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What has Rammstein revealed about Germany’s soul?

12 4 2

BERLIN - There are few rock bands that can get millions of people to listen to a song about their love-hate relationship with their native country. But Germany may be the only nation where such a tune can ignite a serious debate about national identity and freedom of speech.

Last week, the hard rock outfit Rammstein released the official video to its first new song since 2011. Titled “Deutschland,” the nine-minute clip has been watched 20 million times on YouTube by the time of this writing. I won’t try to describe the contents in detail: Readers should see for themselves. Suffice it to say that it’s a condensed, violence-filled version of German history from the Romans’ defeat by Germanic tribes in the Teutoburg Forest in 9 A.D. to the East German police state, all overseen by Queen Germania (played by a black actress in a calculated affront to German nationalists). She strides through battlefields in shining armor and is seen being devoured by cannibals and giving birth to a dog. The members of Rammstein themselves appear both as concentration camp inmates and as Nazi executioners.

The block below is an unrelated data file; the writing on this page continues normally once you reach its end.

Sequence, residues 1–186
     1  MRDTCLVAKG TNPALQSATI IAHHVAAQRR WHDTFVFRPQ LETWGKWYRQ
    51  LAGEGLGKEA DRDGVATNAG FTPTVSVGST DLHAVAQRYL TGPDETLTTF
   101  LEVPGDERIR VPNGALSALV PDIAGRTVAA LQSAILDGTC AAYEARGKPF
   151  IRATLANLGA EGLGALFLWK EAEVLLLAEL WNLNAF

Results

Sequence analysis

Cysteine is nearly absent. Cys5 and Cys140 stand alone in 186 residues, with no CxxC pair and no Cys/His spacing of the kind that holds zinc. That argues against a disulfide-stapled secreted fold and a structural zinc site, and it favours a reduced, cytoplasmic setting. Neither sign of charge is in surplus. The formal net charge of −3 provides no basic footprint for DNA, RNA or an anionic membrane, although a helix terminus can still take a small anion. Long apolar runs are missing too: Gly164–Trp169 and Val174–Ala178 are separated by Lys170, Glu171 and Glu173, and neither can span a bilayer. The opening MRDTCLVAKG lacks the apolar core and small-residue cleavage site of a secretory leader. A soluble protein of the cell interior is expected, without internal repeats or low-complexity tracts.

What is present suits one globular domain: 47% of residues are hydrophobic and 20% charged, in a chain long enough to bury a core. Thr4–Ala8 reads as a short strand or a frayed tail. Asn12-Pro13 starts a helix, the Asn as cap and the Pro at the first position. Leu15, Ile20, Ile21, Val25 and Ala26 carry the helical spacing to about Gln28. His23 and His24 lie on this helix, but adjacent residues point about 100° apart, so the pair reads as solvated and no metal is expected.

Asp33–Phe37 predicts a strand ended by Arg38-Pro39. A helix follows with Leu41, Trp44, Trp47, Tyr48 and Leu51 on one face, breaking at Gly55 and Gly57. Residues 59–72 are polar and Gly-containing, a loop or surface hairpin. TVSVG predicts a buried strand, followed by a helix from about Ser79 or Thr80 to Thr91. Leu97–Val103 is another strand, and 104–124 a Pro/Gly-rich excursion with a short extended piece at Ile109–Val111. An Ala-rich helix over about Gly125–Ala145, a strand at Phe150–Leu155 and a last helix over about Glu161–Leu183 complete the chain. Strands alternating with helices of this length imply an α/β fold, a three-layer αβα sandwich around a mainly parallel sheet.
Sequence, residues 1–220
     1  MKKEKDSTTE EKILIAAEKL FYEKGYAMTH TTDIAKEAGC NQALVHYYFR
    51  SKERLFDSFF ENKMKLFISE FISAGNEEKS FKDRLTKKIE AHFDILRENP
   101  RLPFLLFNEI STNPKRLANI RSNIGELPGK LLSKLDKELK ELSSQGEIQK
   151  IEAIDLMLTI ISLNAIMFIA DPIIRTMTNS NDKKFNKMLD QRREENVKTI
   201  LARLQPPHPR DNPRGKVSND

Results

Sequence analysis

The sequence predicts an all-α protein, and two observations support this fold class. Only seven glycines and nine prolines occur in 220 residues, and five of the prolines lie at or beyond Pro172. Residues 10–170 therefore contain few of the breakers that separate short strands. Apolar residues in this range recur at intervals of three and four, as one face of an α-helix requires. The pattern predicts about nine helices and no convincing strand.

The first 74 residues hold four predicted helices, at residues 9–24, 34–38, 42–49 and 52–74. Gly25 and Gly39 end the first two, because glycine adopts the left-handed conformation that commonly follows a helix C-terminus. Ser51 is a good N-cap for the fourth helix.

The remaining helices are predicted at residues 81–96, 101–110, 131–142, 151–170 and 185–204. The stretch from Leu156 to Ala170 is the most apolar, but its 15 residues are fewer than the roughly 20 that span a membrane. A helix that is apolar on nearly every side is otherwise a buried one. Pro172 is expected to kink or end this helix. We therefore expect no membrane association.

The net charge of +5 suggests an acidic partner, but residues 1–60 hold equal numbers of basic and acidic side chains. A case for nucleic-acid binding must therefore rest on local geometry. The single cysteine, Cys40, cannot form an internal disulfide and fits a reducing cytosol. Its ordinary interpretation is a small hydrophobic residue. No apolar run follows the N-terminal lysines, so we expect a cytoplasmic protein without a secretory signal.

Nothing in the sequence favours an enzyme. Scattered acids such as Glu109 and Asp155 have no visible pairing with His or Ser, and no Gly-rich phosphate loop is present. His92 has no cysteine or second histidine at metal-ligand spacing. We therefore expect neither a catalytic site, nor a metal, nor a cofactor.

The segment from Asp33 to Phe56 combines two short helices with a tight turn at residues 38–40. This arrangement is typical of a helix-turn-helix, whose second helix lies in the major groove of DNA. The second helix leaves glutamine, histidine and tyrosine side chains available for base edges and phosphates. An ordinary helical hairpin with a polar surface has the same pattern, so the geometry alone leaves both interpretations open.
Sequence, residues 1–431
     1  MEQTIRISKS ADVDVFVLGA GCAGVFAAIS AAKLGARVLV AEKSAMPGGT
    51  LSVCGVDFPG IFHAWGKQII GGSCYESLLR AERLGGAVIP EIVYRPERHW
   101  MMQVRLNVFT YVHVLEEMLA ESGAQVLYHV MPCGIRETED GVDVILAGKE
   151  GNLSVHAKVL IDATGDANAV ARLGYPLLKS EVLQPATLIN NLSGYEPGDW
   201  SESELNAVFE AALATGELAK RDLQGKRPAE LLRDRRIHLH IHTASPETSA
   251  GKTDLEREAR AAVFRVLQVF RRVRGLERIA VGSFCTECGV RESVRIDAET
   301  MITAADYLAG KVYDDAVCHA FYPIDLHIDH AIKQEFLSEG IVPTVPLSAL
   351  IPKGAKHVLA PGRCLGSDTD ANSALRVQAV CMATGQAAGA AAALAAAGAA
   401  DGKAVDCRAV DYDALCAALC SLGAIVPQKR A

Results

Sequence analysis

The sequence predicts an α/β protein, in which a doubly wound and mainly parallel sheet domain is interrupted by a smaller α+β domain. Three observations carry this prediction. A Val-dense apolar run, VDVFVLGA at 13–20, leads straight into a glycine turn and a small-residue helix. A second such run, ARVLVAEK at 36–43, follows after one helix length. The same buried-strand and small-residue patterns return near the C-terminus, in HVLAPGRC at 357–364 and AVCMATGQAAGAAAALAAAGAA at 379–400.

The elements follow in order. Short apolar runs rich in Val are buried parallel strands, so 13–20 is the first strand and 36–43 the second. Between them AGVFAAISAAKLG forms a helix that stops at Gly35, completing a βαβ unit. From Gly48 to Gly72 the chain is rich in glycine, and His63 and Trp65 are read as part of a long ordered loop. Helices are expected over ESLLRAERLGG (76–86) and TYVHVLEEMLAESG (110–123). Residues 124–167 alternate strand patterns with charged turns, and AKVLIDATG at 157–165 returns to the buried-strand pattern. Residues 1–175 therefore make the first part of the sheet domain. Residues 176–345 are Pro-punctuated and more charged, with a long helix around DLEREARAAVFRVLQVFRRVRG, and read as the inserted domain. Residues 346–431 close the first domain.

As this jaw-dropping spectacle unrolls, Rammstein frontman Till Lindemann, a published poet, snarls,

“Overpowering, superfluous


Who rises high, will fall low

Deutschland, Deutschland uber allen“

The last line is a cheeky modification of the first line of the discarded first verse of the German national anthem: “Deutschland, Deutschland uber alles,” or “Germany........

© The Japan Times